It was always at that exact moment than a pheasant would take flight from within the pile and I swear I would see a look on the dogs face that put me to shame. The "I'm doing my job whats your problem partner" look. I swear I saw that same look anytime he flushed a bird and I missed the shot. But at the end of the day he always seemed to be so happy that he was able to do what he was breed to do.

Compare this with so many family pets that are left for hours to their own devices in a small yard. They develop habits of digging holes or destroying prised bushes or doing other damage. These dogs are not receiving the companionship or the opportunity to work for or earn their living.

Are Dog Tricks Really A Bad Pat Of Puppy Training?

So is it a bad idea for puppy training to include dog tricks? Consider for a moment how we teach our young children. How often do we strive to encourage the child to began to talk. Saying something that resembles "Mama" or "Grandpa" brings joy to the parent. But do they really have any idea what this means or are they merely sounds at this age? We spend hours encouraging them to crawl, take their first step or to eat with a spoon. When they can lay by themselves and drink from their bottle we consider this a major achievement.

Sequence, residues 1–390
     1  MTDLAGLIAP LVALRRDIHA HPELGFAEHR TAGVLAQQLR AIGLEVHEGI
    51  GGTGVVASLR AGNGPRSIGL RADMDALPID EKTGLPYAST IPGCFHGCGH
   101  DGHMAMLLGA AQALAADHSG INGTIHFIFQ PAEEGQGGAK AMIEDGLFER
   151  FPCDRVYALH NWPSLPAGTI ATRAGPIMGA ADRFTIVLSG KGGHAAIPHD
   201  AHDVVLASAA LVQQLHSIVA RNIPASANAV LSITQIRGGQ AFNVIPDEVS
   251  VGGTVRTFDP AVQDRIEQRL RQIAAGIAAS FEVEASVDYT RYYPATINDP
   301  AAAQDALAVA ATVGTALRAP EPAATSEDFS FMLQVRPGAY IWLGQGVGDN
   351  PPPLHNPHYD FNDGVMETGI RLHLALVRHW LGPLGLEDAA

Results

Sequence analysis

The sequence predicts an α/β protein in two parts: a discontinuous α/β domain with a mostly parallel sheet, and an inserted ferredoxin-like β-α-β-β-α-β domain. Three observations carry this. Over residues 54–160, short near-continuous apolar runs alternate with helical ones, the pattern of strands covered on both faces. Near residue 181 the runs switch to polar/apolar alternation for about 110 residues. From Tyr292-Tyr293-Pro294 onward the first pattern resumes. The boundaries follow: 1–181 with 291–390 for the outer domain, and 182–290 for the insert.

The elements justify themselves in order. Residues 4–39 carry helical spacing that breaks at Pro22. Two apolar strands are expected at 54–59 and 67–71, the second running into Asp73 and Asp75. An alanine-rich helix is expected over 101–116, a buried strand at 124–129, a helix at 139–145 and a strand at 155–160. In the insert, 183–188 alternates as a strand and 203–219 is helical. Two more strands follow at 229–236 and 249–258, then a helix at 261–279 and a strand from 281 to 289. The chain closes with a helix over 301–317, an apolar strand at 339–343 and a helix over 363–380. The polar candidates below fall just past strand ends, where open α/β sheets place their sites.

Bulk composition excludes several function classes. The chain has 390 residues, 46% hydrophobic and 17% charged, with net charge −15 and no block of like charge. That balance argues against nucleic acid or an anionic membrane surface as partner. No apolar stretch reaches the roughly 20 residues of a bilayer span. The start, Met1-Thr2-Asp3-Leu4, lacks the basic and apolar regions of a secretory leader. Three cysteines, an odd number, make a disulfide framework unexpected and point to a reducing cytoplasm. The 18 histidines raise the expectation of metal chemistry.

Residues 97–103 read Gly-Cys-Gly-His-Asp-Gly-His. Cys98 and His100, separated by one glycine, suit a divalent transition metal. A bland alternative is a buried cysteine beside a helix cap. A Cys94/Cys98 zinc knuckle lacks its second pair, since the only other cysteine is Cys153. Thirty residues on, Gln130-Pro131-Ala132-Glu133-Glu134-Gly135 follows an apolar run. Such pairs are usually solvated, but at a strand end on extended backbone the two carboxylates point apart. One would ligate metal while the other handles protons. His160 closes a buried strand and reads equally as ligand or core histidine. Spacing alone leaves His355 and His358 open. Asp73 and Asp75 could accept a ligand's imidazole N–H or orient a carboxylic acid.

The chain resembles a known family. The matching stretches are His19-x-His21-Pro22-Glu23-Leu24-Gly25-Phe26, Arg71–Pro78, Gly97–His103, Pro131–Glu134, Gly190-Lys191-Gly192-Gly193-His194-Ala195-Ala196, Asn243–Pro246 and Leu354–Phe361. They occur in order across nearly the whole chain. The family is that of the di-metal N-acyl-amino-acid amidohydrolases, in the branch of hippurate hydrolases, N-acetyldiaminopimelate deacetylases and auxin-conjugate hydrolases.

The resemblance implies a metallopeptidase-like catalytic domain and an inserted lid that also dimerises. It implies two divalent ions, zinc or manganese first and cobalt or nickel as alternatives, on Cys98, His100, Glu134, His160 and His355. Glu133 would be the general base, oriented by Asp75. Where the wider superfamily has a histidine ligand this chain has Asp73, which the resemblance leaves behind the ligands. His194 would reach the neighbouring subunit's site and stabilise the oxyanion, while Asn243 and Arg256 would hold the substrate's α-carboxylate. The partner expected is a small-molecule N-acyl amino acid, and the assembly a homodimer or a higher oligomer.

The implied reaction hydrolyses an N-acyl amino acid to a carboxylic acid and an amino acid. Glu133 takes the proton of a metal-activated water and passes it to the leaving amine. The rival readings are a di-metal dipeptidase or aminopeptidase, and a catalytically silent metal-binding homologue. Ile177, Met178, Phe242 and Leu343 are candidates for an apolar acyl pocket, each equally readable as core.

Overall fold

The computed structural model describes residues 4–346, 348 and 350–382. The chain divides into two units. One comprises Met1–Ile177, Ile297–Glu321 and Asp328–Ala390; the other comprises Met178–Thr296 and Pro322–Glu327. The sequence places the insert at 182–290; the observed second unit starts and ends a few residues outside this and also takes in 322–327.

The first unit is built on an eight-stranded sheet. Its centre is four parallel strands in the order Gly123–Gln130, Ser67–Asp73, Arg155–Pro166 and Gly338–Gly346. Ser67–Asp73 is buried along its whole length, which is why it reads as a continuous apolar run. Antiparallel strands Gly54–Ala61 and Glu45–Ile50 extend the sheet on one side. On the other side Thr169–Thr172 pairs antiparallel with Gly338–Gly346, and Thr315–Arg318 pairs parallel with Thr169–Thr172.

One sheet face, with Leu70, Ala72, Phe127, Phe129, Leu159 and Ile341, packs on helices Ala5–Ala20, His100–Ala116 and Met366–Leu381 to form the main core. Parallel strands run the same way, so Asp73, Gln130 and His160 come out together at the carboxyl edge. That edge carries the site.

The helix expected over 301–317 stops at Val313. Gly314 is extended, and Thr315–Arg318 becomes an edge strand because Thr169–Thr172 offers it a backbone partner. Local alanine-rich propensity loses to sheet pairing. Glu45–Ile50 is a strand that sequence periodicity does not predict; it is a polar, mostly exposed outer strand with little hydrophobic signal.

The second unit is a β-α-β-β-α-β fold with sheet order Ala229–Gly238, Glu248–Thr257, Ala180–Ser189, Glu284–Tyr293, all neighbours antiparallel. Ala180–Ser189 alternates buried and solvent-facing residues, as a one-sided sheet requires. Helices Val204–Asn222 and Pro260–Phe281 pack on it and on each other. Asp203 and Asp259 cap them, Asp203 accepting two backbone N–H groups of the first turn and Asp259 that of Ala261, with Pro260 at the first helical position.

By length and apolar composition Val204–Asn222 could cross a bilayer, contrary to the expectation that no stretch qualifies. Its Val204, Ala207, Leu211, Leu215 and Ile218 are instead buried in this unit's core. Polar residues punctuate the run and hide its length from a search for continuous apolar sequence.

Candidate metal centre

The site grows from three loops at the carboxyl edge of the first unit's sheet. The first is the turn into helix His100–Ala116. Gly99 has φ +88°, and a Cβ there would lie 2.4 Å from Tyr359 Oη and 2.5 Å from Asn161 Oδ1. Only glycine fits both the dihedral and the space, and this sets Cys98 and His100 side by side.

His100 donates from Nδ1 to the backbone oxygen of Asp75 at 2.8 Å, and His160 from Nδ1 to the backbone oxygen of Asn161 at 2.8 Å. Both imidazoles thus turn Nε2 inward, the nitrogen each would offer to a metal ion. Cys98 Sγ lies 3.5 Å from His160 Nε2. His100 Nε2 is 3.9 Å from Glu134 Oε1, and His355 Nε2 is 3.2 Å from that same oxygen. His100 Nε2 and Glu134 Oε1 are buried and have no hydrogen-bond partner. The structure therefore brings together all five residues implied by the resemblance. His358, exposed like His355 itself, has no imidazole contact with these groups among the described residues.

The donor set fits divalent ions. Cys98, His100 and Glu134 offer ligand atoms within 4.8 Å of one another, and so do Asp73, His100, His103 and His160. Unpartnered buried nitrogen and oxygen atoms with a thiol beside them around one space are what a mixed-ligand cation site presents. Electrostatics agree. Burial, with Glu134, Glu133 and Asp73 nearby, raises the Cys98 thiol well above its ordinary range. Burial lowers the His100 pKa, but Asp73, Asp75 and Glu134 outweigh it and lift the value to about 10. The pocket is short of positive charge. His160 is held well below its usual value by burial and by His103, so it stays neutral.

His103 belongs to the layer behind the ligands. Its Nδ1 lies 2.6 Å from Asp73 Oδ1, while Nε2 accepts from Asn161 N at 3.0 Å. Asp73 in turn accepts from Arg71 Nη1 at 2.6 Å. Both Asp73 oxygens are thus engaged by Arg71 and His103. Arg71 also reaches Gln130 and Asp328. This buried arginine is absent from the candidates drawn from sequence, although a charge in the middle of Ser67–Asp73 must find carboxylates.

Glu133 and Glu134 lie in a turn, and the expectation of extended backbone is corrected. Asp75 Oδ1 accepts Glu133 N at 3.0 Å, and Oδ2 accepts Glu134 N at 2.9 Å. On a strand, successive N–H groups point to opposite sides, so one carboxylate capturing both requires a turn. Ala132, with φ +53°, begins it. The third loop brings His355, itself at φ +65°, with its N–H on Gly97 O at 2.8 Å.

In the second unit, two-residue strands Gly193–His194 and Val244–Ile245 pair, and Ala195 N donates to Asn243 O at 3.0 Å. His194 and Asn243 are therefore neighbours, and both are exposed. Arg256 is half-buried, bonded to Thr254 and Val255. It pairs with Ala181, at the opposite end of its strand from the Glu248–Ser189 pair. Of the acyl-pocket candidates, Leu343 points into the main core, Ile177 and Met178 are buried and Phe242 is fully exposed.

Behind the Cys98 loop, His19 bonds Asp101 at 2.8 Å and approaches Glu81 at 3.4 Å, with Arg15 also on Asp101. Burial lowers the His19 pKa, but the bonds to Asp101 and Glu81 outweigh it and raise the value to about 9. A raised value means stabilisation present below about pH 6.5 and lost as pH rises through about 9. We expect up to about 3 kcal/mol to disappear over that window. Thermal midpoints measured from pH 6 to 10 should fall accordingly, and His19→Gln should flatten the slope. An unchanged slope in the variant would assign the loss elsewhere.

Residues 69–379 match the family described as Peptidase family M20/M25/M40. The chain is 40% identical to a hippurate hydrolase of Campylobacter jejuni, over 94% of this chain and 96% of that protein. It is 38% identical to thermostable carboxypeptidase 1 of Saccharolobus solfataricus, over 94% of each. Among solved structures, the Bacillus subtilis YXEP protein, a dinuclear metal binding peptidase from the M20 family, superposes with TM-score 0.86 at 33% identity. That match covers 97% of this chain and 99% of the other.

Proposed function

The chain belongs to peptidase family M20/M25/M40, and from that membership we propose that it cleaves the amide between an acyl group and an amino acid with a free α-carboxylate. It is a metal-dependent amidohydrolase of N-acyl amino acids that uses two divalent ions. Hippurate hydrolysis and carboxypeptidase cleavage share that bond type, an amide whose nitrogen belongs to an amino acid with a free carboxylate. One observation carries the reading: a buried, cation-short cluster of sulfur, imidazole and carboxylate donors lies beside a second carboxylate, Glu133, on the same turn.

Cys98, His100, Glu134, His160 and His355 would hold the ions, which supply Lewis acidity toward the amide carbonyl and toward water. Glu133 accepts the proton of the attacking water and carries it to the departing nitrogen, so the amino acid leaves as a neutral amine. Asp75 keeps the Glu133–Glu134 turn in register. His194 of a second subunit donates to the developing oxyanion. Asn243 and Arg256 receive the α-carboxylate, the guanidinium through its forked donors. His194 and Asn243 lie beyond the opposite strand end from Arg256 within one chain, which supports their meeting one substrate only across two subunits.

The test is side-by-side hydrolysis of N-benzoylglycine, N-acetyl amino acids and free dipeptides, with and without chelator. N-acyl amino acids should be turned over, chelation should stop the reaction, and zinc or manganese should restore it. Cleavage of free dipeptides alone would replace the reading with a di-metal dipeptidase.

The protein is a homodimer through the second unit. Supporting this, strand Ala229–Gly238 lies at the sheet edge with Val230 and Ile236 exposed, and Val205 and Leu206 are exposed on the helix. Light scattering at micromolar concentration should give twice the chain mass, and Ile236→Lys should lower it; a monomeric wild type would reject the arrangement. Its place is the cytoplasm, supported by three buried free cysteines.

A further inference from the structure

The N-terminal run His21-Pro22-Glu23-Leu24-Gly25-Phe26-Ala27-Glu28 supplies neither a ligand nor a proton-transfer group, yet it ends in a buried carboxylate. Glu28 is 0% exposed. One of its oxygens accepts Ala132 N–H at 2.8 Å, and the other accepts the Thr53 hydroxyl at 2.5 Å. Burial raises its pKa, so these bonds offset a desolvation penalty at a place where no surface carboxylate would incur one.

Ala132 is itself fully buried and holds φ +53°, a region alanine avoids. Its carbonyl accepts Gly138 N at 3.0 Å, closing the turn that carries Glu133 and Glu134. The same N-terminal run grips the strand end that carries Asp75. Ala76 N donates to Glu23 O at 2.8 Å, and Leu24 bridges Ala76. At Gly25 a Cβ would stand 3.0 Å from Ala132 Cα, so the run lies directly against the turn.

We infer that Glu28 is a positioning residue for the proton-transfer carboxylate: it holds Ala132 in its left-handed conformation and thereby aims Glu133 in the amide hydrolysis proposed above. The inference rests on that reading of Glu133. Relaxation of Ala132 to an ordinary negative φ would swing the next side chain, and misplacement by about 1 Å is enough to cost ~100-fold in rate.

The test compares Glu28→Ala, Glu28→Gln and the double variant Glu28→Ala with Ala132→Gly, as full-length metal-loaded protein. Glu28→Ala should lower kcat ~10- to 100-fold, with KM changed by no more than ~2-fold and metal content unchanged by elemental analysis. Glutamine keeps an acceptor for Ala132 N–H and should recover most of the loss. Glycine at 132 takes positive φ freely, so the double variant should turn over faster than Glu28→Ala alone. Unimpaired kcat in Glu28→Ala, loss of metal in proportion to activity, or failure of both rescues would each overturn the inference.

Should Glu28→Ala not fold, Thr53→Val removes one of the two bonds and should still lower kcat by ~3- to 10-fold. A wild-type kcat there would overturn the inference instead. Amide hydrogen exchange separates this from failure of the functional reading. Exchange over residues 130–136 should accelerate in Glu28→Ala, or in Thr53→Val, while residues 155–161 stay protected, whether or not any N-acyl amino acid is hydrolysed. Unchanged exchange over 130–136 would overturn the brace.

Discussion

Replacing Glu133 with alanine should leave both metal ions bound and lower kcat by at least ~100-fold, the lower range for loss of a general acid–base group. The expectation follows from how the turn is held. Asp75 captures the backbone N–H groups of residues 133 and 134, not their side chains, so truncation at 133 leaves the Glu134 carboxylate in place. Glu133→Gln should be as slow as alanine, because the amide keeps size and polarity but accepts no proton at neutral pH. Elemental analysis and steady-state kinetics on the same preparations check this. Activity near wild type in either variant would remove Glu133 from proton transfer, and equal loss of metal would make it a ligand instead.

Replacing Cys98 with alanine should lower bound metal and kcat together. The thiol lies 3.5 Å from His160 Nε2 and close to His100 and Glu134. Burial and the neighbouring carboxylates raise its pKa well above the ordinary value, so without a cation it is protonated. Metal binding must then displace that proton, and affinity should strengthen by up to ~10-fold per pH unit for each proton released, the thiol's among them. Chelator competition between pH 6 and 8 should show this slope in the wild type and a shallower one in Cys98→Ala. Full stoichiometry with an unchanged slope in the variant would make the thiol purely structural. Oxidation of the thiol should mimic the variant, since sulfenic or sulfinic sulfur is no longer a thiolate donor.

These may not be considered tricks but learning experiences. We are pushing the child to make use of the talents he or she was born with and attempting to develop them at an early age. Certainly potty training is necessary. Actually a child raised in an unkempt environment or
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without proper training would be content to spend many years in diapers.